Yesterday & Today: Just Some Monday Afternoon Thoughts on the Myriad Complications of Michelle-ing
I am participating in an interactive art installation titled “Fallout” at a museum in my home city.*
The installation is an interrogation of the concept of protection as it relates to public life in America.
The creators of the installation are posing these questions with the work: In this country, who’s protected and who isn’t? How are decisions about how lives are and aren’t valued made, every day, by both policy-makers and everyday Americans? What’s the difference between false protections and real ones?
These women – that happen to be white – are building a fallout shelter like those utilized during the Cold War inside of a local museum and staging therein conversations between diverse artists, activists, and others about “systemic violence, the manufacturing and manipulation of fear for political gain, and what real protection could actually mean” in this age of hacked elections and hack politicians.
At the same time that I’m preparing for my part in this installation, I am also readying a syllabus for my Upward Bound Summer Academy classes. The director has asked me to teach the YA novel, The Hate U Give, by Angie Thomas – a story of a 16-year-old black girl named Starr whose best friend, Khalil, is killed by a white police officer right in front of her one tragic night after they leave a house party together.
This is my life. I have a day job and what I consider a calling, and, often, they intersect. And then my “real” life – of adulting and mothering – forms a third junction – and I am traveling down three different paths to the answer to whatever “big” question is looming in my mind, or pressing on my chest, at the moment.
And I always have these “big” questions because I am a teacher and writer and mother and woman and black person and American, so the world is nothing for me except unending flux.
Yesterday, my little girl had a soccer game, but she didn’t want to go. She didn’t want to go to practice on Friday, either. She says the girls on the team are “mean” to her. They don’t hit her or call her names, but they don’t seek to partner with her during drills. Only a couple of them will even chat with her between drills or on the sidelines of games, and there are a couple others that regularly point out to her how they can execute certain foot skills better than she can.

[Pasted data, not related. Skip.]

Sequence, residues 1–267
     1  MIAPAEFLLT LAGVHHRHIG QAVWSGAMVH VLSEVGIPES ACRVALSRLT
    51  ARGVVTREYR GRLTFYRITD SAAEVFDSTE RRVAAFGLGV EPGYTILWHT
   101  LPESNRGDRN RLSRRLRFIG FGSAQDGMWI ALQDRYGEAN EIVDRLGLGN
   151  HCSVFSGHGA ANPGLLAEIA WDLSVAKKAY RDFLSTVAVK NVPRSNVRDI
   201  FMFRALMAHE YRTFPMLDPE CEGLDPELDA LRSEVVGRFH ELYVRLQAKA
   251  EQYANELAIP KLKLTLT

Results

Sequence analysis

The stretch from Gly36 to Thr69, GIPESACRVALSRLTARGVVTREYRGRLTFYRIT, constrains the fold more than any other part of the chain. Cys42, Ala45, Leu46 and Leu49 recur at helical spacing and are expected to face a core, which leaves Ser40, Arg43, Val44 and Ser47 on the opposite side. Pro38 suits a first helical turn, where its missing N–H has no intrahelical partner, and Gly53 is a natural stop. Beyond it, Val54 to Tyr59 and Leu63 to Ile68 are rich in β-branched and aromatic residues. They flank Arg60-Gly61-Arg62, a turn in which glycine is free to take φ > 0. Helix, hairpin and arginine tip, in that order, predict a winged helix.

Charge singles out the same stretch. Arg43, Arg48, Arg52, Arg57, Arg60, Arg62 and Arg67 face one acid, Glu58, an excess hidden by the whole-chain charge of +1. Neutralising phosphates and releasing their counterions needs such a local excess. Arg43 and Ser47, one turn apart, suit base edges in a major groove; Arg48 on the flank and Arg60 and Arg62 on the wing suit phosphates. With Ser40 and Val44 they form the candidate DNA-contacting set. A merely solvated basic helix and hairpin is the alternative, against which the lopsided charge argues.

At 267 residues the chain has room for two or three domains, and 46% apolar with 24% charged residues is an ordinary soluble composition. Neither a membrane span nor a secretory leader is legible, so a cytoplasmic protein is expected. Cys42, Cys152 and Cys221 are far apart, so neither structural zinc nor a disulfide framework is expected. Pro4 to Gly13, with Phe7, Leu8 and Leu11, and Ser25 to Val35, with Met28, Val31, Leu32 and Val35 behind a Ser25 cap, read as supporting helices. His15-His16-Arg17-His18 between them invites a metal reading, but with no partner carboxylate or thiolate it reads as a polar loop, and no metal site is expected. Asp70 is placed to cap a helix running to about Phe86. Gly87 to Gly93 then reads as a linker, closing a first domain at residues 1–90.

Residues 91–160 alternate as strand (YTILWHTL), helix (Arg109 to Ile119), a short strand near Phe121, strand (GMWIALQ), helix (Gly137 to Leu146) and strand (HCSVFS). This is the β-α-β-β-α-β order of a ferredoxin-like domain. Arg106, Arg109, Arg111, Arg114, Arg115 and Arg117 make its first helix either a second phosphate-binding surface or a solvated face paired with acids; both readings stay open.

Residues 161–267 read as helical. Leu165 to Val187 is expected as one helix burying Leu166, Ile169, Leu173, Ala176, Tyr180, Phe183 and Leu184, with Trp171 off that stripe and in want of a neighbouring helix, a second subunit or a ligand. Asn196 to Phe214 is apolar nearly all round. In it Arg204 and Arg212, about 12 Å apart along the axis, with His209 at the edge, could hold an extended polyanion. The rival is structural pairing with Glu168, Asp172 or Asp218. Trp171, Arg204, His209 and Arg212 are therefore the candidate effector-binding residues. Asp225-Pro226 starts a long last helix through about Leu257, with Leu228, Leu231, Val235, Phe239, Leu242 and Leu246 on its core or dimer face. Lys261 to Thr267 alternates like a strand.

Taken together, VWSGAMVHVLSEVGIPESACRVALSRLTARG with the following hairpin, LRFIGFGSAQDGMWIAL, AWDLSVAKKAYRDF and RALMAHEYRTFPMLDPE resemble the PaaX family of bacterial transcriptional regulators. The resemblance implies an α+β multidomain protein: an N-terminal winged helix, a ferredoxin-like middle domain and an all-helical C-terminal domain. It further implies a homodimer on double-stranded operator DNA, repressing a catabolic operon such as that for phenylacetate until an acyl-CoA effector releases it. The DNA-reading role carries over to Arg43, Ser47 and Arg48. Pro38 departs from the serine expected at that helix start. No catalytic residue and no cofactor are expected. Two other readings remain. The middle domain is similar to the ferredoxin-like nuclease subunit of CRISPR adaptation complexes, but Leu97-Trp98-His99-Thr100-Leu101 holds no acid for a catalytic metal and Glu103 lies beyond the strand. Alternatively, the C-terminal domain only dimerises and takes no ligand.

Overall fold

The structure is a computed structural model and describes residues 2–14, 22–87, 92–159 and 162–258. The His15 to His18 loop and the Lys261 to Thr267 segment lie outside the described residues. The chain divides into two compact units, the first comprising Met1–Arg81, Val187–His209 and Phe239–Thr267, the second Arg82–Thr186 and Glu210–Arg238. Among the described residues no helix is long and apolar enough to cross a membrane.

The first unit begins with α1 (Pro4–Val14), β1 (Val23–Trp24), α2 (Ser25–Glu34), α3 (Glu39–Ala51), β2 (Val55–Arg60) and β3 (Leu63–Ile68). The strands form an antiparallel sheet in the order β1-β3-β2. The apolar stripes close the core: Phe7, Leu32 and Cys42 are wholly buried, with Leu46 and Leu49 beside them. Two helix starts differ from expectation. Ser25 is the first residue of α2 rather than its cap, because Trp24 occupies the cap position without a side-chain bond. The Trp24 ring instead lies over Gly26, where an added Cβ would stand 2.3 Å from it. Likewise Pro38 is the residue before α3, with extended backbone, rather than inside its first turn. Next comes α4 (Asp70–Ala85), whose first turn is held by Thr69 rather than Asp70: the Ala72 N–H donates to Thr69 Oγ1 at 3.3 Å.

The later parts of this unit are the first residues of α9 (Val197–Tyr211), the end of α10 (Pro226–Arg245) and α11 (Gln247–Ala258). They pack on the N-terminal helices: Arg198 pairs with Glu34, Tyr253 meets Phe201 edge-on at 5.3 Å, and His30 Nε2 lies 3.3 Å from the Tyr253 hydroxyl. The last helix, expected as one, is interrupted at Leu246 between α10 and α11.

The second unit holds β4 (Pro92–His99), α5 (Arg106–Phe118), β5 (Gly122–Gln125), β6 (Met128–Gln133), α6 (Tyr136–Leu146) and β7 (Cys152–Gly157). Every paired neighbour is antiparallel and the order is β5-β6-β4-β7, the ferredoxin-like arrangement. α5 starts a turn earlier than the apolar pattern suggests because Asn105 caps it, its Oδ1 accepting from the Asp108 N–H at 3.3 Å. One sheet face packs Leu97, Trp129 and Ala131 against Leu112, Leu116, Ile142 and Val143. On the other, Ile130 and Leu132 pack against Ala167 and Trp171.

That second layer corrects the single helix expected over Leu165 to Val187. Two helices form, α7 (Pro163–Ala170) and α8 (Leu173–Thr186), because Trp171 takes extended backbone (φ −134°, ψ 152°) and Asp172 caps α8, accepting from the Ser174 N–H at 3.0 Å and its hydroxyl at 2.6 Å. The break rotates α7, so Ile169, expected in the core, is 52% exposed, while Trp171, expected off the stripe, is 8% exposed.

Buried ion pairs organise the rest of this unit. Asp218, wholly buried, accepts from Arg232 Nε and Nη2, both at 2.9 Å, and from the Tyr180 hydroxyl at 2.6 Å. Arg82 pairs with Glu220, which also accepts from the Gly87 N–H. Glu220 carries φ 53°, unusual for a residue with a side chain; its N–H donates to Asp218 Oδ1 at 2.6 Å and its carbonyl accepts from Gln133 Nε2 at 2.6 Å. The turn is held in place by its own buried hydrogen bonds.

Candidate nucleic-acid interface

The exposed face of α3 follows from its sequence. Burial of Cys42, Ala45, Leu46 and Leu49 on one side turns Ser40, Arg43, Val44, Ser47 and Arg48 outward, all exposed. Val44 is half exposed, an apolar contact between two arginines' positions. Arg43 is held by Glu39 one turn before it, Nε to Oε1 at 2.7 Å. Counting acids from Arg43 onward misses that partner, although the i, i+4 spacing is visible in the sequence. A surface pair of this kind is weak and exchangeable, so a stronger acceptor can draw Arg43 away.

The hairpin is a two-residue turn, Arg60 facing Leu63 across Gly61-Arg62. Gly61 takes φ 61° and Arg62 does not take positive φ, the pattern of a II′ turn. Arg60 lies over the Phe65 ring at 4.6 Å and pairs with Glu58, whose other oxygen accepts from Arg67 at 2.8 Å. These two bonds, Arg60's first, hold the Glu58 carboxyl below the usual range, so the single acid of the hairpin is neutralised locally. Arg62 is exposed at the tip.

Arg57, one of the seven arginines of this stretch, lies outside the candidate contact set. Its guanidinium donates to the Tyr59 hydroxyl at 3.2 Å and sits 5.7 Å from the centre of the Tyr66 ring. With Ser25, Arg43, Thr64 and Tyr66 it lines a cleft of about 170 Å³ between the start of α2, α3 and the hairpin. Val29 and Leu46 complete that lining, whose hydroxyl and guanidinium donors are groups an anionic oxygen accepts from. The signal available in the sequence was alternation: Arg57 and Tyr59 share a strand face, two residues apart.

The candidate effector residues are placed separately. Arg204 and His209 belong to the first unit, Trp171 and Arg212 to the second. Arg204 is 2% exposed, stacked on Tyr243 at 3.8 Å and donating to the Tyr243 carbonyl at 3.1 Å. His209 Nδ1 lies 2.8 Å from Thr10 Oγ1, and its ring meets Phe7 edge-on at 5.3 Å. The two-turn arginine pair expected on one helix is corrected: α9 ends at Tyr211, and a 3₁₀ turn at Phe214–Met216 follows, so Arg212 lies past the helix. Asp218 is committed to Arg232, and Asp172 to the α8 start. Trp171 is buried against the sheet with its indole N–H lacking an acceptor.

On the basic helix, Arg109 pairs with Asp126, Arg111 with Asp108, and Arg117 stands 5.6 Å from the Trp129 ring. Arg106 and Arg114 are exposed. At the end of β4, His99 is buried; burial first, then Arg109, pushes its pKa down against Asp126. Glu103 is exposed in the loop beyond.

She is the only black girl on the team. She plays soccer because her father played soccer as a kid. He coaches soccer. He loves soccer. He passed that love onto her. She’s been playing since she was four. She’s nine now. She’s made the jump from recreational to the all-city team, and it’s been hard for her.
The girls on her half of the all-city team are in the third grade together; they see each other during the day in school and on the playground at recess. They have connections outside of soccer. Some even live in the same cul-de-sac.
But my baby entered kindergarten early. She’s a year ahead of them at school, so she’s in a different building. We don’t carpool with them. She’s not in any of their Girl Scout troops. She doesn’t play softball or any other sport with any of them. Her only “in” with them is soccer, but they have their cliques, and she’s not in any of them.
Then, there are the mitigating factors outside of the logistics.
My girl is gifted and precocious. She doesn’t like to do things that don’t come easily to her. She gets easily distracted when she’s not doing something all-consuming like playing video games or reading, and she gets easily discouraged when she makes mistakes. She’s extremely hard on herself. She is guarded with people that don’t seem open to her. She cannot take criticism very well, and she only wants to talk about the topics that interest her – and soccer isn’t actually one of them.
Still, when she’s “on,” she exhibits a real talent for the sport, and she takes immense pride when she is able to do something “good” or “right” on the soccer field. She just isn’t a total “soccer girl,” which many of the girls on her team are. She’s a video gamer.
I honestly think only half of her incentive to play soccer is her love of the sport; the other half is her desire to please her father and me. We think soccer is a good idea because we want her to learn to be a productive part of a team, get some regular exercise, and develop the will and ability to push herself when she feels challenged.